When a star weeps, it’s tears are full of power, the power to heal, and the power to save, but they can also be used for destruction. I am called Claudius Grey, and I have come into possession of a book of the stars, which tells the stories of their lives and deaths. Through means which I can not in good conscience divulge, I have found a way to channel the sound of voices into the stories, and possibly change the outcome thereof. I found this tale some time ago:
Once, when the world was young, a certain star used to come down to the earth to cool her feet in the cold water of a clear lake each morning, because she was tired after dancing across the sky each night. Near the lake lived a young man who came to the lake each dawn to fish. It was not long after they met that the two of them fell deeply in love. They planned to marry, but the Dragon King found the star to be more beautiful than anything else he could see in his kingdom, and took her to be his bride. Her lover tried to rescue her, but the Dragon King captured him and locked him away in place of eternal slumber to be tortured by nightmares. Though a thousand years have passed, the star still refuses to wed the Dragon King, and he still refuses to release her lover. Her tears fall out into space and are seen as meteors. Some of them are lost on the earth.
There were a few more details; it seems that in the end the Dragon King killed the star’s lover, and she wasted away and eventually died from grief. However, at the bottom of the page was this note:
A young lady called Gwendolyn was given one of the star’s tears by her grandmother, who bought it at a craft fair from an artisan. The artisan thought the tear was an unusually beautiful though otherwise unremarkable translucent stone and had fashioned it into a pendant. Every night for several years, Gwendolyn would dream about the star and the star’s lover and their plight. The pendant would open a gateway to the world where the two were imprisoned, and so moved was she by their plight that Gwendolyn would long to go to help them. But every time she tried she found she was still asleep in bed, and when she woke up, she would have forgotten all about the star. These dreams continued until the star’s death.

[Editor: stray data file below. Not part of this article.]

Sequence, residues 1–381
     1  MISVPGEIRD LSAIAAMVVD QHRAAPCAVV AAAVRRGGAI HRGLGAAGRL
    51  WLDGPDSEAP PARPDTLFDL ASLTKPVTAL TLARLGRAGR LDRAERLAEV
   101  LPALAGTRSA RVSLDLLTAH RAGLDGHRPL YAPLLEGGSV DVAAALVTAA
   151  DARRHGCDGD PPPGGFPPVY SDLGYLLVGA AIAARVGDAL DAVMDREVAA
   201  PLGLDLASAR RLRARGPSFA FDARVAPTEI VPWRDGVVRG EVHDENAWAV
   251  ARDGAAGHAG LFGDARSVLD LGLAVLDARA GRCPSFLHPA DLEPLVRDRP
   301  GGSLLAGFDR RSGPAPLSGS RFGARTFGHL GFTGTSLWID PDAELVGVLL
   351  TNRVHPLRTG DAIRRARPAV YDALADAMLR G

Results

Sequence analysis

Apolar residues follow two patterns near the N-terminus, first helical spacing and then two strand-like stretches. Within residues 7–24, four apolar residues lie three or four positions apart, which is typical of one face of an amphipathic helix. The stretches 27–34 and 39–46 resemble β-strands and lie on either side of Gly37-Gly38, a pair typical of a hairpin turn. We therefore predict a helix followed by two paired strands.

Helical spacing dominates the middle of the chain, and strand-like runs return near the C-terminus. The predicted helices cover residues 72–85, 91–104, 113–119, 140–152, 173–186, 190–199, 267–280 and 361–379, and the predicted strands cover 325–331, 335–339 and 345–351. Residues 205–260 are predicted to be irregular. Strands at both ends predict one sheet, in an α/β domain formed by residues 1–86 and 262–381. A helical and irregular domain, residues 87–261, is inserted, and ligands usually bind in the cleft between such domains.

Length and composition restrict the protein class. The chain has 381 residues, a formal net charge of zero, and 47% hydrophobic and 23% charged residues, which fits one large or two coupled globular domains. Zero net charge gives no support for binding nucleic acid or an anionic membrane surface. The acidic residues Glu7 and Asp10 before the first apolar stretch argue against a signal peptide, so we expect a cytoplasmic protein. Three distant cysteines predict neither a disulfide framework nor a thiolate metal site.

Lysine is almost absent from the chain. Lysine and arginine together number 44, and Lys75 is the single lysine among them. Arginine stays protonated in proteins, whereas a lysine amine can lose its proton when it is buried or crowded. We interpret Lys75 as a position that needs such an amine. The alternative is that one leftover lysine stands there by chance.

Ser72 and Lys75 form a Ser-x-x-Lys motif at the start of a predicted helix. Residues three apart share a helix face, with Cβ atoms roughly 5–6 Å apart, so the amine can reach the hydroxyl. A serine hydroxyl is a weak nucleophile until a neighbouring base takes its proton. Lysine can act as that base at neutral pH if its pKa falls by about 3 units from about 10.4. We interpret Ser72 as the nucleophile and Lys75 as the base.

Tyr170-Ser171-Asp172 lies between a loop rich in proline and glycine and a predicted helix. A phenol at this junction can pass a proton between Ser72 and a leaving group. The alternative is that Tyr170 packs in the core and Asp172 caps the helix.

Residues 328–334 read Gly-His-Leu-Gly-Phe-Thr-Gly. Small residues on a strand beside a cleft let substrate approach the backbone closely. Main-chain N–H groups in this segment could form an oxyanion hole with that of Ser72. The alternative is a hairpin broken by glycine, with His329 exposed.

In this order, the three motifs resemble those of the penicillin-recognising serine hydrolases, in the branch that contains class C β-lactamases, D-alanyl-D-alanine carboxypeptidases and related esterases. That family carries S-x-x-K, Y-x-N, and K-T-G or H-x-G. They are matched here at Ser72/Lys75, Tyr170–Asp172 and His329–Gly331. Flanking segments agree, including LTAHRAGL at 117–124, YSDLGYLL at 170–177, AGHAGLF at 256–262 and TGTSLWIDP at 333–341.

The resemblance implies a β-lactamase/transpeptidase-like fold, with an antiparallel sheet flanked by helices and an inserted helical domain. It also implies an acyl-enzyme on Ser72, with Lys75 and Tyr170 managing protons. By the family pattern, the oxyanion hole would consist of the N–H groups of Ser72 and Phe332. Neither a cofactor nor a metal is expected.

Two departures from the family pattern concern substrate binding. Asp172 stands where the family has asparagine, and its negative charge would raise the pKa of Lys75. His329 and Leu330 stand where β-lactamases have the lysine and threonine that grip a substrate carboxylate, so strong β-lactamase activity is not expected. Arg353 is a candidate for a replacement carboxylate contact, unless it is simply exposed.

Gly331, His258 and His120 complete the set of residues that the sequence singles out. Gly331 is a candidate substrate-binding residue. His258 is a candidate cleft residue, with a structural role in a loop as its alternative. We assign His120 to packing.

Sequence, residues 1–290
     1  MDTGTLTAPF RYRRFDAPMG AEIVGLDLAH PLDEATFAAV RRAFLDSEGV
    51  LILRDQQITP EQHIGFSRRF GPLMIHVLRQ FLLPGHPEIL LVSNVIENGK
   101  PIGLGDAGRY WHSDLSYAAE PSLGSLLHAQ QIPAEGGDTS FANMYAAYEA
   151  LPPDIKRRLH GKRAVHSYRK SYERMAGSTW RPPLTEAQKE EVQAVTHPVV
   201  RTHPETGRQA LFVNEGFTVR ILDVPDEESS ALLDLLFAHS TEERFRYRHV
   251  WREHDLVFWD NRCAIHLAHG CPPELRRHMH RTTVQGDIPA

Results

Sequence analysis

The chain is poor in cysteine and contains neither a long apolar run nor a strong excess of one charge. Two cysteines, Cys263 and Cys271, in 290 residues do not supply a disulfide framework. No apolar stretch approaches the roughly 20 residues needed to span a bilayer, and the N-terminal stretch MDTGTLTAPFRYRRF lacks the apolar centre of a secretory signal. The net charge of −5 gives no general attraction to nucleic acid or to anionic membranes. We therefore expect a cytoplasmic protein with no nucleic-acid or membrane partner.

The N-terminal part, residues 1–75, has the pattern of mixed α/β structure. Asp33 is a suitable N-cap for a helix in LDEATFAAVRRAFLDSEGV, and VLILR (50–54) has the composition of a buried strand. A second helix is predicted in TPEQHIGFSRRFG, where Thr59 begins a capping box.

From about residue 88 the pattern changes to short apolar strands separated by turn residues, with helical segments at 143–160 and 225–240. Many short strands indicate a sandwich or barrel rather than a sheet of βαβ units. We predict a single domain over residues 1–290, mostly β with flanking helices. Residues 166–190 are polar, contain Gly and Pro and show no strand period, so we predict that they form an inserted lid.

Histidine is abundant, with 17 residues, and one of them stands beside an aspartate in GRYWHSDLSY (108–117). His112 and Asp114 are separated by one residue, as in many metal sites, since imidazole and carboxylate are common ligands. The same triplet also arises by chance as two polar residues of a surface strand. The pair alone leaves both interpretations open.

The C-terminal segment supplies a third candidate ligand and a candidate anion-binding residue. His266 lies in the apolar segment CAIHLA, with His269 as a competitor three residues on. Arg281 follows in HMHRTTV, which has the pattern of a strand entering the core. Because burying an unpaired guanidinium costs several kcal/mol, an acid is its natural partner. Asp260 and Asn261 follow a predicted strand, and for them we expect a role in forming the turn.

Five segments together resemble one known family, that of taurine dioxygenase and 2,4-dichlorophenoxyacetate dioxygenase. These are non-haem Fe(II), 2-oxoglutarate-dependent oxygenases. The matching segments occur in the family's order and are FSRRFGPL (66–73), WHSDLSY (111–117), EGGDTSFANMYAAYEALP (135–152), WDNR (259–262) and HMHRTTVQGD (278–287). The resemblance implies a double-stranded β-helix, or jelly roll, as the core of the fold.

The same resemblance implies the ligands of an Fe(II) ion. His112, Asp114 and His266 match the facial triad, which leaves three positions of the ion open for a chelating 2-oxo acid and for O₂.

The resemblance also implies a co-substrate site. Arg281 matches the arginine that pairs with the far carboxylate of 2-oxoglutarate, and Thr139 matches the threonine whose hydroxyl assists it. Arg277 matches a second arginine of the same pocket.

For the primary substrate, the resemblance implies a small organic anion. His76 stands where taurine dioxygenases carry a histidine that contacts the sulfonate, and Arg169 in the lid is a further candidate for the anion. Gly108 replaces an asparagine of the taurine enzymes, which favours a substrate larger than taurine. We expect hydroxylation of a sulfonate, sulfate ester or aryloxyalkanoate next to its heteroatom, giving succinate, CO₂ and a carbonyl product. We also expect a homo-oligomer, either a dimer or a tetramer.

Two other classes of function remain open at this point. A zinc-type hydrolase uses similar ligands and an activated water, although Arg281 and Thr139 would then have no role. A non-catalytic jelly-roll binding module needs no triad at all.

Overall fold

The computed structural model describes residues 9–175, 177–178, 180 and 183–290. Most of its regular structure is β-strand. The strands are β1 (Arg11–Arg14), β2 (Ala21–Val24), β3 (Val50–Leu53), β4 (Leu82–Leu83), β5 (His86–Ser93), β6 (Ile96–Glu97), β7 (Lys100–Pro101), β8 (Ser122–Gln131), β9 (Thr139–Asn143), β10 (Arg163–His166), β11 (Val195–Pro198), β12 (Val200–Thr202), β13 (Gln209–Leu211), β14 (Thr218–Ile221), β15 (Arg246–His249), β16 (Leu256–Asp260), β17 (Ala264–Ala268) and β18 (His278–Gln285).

I have been researching the effects of star tears on dreams, and it seems that if Gwendolyn could not have helped the star, she would not have dreamed about her. Gwendolyn’s not waking up in time to remember her dreams and enter the portal is a problem though. After much time and many experiments, I believe I have found a way to change the story. I have searched the pages of the book (which seem to be ever changing), and have found this point of entry:
Gwendolyn half woke from sleep, alone in the darkness. The storm had passed (had there really been a storm?), and she was comfortable in her bed, her mind heavy with sleep. The necklace her grandmother had given her hung from her bed post. It was glowing softly, and it reminded her of something…something…she… had to…do…
As Gwendolyn began to drift back to sleep, the something began to slip from her mind.
Please leave your comments on this blog, and I will endeavor to send them to Gwendolyn, to help her begin her journey. The method is tenuous, but the stronger the voice the more likely she will be able to hear; i.e. the more people tell her to take a certain action, the more likely she will be to hear them. It should be noted at this point that Gwendolyn is a minor, and that comments should be made with that in mind (i.e. please keep it clean). Also, I can only keep this point into the story open for a short time, I’m afraid, and I will have to stop sending comments at around 5 PM (American central time) tomorrow. The story should take a little while to adjust (perhaps a few hours or so) and then I hope to be able to find and share another entry point.
At this time, I believe that the most important thing is to wake Gwendolyn up and remind her of the star before she forgets…